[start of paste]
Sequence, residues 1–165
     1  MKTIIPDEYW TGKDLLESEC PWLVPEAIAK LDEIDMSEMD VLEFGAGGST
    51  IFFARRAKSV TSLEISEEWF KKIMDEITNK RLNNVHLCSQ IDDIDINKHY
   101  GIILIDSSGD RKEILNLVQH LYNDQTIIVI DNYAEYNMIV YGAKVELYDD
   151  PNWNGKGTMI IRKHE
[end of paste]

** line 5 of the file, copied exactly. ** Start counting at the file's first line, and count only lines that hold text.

   151  PNWNGKGTMI IRKHE